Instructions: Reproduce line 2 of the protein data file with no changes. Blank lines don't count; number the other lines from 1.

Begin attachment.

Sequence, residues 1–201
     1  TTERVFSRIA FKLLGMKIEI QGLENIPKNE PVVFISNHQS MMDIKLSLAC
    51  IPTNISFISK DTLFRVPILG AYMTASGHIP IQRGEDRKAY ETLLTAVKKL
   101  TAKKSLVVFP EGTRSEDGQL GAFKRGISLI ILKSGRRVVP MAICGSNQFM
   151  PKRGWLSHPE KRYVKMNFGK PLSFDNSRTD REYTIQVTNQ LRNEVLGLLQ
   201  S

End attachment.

     1  TTERVFSRIA FKLLGMKIEI QGLENIPKNE PVVFISNHQS MMDIKLSLAC